I’m in an Open Relationship with Remix
Paul Scanlon takes the Silicon Valley ethos perhaps a little too far. He’s in an open relationship with Remix, but swears React doesn’t mind!
If you’re not familiar with Remix, it’s an open source React-powered server-side framework built on top of web standards… and so much more.
Remix is open in other ways too. Right there in the docs you’ll see: Bring Your Own Server, which is wild, considering it’s a server-side framework, and sometimes the “server” part of a framework only really works when teamed with a specific cloud provider… which is usually where all that sweet, sweet, $ is made!
Remix is open about where you deploy because the money to keep this project alive doesn’t come from you, or rather, your credit card.
Remix was acquired by Shopify in October 2022, and for all intents and purposes are now considered to be an internal engineering team building great stuff for the business. It just so happens that Remix can also be enjoyed by you, no strings attached.
Remix has been developed by the state of Utah’s most beguiling couple, Michael Jackson and Ryan Florence. No one’s really sure how these two met, but rumor has it they were both at a coffee shop one day. Ryan was wearing a t-shirt that read “rendertoString” and Michael, a t-shirt that read “hydrateRoot”, and the rest as they say, is history.
Prior to launching Remix, the two had previously developed, and continue to maintain React Router. Michael and Ryan have given a lot to the React community over the years, so entering into a new relationship with them using Remix, for me, wasn’t something I had to think too hard about.
When Remix first announced they’d been acquired by Shopify, I was like, “W.T.Flip”, what on earth does Shopify want with a framework?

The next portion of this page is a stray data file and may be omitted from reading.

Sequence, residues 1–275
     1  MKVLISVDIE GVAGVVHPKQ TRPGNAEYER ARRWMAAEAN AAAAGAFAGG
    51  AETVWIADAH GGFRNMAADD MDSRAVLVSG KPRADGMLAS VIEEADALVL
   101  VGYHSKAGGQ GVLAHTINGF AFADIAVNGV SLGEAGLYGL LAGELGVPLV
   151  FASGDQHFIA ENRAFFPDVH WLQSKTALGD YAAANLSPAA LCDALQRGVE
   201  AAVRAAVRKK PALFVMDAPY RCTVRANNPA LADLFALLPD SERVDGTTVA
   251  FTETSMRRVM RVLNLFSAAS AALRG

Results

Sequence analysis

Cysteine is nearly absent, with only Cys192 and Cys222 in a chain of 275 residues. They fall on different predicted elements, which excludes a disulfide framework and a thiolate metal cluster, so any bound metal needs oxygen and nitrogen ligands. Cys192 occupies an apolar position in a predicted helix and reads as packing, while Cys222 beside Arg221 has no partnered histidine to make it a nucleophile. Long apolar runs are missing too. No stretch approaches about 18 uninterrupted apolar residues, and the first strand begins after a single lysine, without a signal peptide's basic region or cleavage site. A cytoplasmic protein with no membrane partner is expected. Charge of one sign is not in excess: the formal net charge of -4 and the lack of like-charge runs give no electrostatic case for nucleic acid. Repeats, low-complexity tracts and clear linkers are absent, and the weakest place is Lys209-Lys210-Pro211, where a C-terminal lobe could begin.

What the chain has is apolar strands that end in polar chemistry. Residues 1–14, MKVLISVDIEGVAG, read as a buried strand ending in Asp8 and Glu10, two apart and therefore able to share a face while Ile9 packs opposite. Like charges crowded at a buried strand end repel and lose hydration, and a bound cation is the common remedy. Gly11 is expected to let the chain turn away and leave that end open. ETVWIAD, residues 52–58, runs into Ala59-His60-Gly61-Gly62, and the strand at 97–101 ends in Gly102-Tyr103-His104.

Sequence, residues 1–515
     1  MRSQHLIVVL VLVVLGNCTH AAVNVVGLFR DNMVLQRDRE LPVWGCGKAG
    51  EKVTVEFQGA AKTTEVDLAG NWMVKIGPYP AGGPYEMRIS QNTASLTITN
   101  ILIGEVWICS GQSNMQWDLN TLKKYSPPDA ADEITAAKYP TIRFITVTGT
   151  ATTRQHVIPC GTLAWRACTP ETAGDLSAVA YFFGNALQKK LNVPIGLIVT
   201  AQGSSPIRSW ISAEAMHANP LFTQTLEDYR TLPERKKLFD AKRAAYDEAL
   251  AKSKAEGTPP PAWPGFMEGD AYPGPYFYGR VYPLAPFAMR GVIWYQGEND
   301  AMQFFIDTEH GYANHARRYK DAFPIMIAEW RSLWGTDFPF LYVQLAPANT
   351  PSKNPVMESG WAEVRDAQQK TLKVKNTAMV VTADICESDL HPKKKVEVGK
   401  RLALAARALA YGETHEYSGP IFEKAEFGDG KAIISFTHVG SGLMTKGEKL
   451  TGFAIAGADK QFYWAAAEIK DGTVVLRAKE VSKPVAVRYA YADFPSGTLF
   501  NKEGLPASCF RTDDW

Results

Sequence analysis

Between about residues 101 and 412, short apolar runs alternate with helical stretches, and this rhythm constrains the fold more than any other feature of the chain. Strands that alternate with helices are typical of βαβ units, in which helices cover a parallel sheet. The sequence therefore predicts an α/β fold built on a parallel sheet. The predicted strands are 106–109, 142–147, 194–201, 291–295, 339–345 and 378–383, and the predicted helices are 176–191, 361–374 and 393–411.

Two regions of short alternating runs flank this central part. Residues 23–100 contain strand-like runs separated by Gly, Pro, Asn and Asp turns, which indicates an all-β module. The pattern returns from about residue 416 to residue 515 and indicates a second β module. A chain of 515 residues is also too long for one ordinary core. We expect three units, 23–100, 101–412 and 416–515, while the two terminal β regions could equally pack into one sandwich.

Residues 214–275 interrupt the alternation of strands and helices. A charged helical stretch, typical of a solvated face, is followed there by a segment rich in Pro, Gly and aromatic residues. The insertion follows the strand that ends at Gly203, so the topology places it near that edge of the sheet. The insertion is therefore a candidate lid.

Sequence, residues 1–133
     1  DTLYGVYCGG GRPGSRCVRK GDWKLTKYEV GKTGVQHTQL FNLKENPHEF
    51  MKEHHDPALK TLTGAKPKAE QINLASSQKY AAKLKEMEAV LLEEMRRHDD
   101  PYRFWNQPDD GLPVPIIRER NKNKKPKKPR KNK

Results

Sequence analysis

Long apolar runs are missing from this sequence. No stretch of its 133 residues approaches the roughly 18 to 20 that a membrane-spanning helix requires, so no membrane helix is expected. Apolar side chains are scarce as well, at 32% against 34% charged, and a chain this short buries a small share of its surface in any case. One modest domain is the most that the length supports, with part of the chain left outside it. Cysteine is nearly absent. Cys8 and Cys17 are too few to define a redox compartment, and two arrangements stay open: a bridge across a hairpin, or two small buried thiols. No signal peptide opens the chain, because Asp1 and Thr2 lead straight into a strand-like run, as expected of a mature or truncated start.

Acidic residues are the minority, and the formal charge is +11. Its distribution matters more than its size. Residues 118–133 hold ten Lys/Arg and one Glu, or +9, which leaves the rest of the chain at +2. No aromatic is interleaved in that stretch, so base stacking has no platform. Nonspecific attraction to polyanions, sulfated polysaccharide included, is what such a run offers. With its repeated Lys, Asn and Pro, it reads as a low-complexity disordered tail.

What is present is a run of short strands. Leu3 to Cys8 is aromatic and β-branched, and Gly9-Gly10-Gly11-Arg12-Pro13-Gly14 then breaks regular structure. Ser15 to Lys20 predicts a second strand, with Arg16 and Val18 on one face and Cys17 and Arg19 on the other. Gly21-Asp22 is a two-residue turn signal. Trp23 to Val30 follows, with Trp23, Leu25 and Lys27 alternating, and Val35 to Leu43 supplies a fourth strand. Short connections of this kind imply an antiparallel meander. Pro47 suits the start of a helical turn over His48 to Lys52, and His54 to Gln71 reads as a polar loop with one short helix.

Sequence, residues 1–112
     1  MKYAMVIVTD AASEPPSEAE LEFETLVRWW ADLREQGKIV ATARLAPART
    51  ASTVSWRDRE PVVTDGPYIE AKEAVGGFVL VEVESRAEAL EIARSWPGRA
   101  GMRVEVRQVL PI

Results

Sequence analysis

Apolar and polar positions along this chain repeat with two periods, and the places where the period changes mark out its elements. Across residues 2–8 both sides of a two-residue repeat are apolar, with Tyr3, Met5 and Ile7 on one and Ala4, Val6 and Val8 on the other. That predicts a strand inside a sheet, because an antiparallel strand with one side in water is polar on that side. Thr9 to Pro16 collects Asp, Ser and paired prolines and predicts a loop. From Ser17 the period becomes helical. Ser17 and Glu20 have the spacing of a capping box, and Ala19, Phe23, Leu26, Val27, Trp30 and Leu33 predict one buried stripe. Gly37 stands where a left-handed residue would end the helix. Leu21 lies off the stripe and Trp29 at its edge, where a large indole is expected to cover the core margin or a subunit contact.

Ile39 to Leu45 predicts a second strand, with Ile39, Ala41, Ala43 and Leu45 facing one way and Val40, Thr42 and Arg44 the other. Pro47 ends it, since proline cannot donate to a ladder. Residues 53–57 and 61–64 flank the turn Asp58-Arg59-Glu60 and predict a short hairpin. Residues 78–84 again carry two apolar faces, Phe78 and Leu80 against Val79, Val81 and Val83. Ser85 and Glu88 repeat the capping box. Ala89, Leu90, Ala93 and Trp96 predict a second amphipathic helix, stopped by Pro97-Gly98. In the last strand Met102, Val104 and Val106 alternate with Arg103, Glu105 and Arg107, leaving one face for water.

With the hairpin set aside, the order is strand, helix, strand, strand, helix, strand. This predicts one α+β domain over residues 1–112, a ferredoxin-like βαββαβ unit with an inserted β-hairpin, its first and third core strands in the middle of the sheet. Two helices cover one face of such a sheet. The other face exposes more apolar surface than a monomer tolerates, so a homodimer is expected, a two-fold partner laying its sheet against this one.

Historically speaking, (and now seems like quite an antiquated approach), companies that develop a framework would have to nudge you towards their “paid for” services in order to survive as a business. I imagine it’s quite costly to develop and maintain a framework that’s effectively “free” to use, so any company adopting this strategy would need a pretty solid underlying business model to support it.
As time’s gone by though, the Shopify acquisition has started to make more sense, Shopify already has a core business, one that isn’t directly dependent on the success of a framework and by bringing Remix in-house, they get to reap the rewards of having some of the world’s brightest minds building something their core business can directly benefit from.
I’ve noticed this sentiment in the community too, with many folks beginning to become suspicious of the “framework + cloud” offering. This “integrated” approach might seem like a win to begin with, but after a while many of us have started to feel like the Boiling Frog.
Shopify has no “cloud” as such, and no real method to boil you. Instead, they continue to invest in Remix, and we all get to use it for free — it’s a win, win!
Remix doesn’t mind if you fool around with AWS, GCP, Cloudflare, Render, Fly, Railway, Netlify, or any of the other trustworthy cloud providers. It doesn’t matter to them where you deploy because that’s not where the money comes from. And this isn’t just a marketing message, it’s an engineering principle — there’s no valid reason (that I can see) for the Remix team to favor one cloud provider over another, and given their architectural choices it’s hard to imagine it could even happen.